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Eur Urol. 2004 Sep;46(3):377-80.

The standard 1-hour pad test: does it have any value in clinical practice?

Author information

1
Department of Obstetrics and Gynaecology, Royal Alexandra Hospital, Paisley, PA2 9PN, UK. msakr99@aol.com

Abstract

OBJECTIVES:

The aim of this study was to determine whether self subjective assessment of urinary incontinence as perceived by female patients could replace the standard 1-hour pad test in clinical practice.

DESIGN:

Prospective cohort study.

SETTING:

District General Hospital, South West of England.

METHODS:

Ninety women awaiting surgical treatment for urodynamic stress incontinence were recruited. They underwent 160 pad tests; on each test women were asked to classify themselves on a four point scale into one category (0: totally continent to urine, 1: mild/occasional urinary incontinence (UI), 2: moderate UI, 3: severe UI), to complete the King's Health Questionnaire (KHQ) and carry out the standard International Continence Society 1-hour pad test. A pad gain >1 gm was considered a positive result.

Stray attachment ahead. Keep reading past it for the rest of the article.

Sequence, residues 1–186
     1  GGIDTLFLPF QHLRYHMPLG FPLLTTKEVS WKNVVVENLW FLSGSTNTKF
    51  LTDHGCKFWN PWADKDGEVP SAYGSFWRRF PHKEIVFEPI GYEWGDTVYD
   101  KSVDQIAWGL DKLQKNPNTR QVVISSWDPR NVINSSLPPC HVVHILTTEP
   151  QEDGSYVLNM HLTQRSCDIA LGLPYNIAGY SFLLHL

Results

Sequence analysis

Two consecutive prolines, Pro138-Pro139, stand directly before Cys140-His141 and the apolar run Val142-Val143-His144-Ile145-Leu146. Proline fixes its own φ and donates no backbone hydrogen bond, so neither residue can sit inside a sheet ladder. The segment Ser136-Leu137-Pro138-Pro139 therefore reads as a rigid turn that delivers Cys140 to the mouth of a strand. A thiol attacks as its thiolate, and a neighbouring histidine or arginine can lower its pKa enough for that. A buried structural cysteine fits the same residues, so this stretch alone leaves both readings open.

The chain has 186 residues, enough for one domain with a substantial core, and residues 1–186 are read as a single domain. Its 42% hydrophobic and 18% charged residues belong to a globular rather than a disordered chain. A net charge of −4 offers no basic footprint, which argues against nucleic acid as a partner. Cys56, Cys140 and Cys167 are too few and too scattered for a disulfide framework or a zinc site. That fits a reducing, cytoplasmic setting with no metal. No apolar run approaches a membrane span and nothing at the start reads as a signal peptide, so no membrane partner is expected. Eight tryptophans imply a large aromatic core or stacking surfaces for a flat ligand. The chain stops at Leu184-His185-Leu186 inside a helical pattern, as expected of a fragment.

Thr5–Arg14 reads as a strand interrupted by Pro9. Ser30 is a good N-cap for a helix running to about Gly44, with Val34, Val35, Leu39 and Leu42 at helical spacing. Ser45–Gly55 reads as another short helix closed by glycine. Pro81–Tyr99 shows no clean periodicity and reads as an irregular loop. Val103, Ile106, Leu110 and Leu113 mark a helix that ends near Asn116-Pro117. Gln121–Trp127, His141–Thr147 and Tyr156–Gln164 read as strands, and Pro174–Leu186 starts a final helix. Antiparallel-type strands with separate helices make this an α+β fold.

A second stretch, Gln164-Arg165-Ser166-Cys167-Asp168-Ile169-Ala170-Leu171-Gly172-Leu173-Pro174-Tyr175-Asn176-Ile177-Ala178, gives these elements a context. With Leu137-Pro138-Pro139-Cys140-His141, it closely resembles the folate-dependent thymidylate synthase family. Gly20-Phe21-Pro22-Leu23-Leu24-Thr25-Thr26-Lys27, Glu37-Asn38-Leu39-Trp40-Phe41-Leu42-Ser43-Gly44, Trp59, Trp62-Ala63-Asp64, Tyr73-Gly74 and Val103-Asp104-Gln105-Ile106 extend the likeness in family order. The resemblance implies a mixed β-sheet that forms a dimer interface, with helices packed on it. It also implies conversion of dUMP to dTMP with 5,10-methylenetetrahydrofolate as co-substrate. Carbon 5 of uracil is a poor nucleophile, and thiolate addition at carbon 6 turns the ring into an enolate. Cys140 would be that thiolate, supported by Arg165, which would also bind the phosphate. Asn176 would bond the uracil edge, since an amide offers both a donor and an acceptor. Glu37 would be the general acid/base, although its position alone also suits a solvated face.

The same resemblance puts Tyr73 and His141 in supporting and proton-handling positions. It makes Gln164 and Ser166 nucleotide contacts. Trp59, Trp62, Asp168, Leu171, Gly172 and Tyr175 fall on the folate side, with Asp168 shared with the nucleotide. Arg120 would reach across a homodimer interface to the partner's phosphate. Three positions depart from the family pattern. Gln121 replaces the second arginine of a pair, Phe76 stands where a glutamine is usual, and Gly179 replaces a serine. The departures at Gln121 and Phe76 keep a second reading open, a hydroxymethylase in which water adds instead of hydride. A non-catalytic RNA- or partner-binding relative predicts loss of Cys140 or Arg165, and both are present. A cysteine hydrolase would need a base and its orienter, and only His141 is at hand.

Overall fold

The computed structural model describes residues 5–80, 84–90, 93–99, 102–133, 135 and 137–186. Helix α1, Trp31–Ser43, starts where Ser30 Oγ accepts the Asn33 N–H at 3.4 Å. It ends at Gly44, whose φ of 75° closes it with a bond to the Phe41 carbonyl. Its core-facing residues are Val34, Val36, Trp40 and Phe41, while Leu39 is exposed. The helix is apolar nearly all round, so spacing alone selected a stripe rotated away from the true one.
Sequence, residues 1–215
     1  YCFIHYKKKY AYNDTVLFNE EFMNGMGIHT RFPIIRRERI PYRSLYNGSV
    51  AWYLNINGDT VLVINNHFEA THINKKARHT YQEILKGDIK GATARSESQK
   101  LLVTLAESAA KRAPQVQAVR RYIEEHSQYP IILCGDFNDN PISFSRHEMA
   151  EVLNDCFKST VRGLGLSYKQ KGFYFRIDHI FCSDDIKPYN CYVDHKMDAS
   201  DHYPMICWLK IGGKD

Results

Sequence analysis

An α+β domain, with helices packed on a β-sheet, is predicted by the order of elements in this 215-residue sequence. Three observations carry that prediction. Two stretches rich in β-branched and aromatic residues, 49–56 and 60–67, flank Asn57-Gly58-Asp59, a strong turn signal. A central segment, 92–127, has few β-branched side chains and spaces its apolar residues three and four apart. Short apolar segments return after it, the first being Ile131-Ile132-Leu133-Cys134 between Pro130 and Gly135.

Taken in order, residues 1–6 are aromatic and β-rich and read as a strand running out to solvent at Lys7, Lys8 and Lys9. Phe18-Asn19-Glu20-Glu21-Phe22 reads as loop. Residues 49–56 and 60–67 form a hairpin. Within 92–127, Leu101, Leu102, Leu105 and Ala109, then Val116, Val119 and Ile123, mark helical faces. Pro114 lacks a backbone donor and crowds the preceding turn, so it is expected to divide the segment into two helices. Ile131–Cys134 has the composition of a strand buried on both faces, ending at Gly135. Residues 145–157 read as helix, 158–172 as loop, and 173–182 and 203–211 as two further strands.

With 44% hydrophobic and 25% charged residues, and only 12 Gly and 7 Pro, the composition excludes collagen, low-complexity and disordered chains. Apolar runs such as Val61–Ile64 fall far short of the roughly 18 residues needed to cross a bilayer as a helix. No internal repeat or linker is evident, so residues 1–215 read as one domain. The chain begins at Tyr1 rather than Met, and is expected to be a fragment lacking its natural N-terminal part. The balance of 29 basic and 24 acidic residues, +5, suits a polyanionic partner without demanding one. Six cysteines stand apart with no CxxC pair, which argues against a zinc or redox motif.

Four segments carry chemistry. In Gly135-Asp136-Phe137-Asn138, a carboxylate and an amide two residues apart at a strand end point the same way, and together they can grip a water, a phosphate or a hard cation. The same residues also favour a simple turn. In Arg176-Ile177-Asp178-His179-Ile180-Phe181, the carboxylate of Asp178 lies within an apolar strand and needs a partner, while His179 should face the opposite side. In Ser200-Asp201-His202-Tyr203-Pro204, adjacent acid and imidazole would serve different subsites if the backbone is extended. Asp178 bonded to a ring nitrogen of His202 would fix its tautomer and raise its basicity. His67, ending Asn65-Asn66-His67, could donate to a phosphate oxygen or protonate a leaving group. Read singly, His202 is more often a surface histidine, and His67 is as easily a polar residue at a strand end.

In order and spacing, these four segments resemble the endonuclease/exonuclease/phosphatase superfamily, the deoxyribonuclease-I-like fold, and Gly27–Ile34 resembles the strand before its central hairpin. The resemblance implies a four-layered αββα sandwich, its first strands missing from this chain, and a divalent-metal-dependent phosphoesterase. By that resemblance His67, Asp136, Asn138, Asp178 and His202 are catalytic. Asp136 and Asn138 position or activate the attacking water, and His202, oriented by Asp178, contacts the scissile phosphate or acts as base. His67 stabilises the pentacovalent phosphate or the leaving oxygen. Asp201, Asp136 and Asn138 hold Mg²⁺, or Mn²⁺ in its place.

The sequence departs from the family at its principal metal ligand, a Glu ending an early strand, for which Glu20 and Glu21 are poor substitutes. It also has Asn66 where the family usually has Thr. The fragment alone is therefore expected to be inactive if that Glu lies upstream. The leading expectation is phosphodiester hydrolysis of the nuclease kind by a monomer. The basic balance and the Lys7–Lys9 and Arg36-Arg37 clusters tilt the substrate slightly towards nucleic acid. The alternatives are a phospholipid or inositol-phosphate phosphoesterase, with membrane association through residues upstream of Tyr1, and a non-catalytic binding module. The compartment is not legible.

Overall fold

MAIN OUTCOME MEASURES:

Women perception for severity of UI, 1-hour pad gain, KHQ scores.

RESULTS:

Self subjective assessment of UI (continent vs. incontinent) had good correlation (r = 0.88) with the pad test result (negative vs. positive), and correlated well with the KHQ scores (r = 0.79). Poor correlation was seen between the pad gain and the KHQ scores (r = 0.48) and between the pad gain and the self subjective assessment of UI scale (r = 0.48). The self subjective assessment of UI (incontinent vs. continent) had sensitivity 95.65% and specificity 93.33% to detect the pad test results (positive vs. negative).

CONCLUSION:

This study suggest that, in either the pre- or postoperative phase, simply asking a woman if she is continent for urine or not was as good as doing the pad test and correlated better with the patient quality of life.

PMID:
15306111
DOI:
10.1016/j.eururo.2004.04.018
[Indexed for MEDLINE]
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